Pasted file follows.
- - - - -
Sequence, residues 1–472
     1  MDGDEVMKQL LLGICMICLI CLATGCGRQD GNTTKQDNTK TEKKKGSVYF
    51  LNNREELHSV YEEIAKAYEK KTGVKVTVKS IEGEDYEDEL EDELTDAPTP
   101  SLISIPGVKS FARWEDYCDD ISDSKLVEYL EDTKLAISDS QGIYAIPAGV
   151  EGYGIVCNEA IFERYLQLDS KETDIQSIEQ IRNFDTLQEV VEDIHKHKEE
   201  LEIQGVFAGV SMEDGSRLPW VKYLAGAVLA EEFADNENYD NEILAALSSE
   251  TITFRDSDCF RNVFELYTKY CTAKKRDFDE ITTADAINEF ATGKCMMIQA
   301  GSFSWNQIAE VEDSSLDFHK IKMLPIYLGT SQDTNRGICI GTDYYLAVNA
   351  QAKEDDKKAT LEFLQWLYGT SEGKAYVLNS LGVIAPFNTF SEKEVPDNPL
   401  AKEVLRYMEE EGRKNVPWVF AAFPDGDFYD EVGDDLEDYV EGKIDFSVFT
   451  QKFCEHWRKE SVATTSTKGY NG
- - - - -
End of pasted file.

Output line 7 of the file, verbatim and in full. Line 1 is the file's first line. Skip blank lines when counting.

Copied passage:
   251  TITFRDSDCF RNVFELYTKY CTAKKRDFDE ITTADAINEF ATGKCMMIQA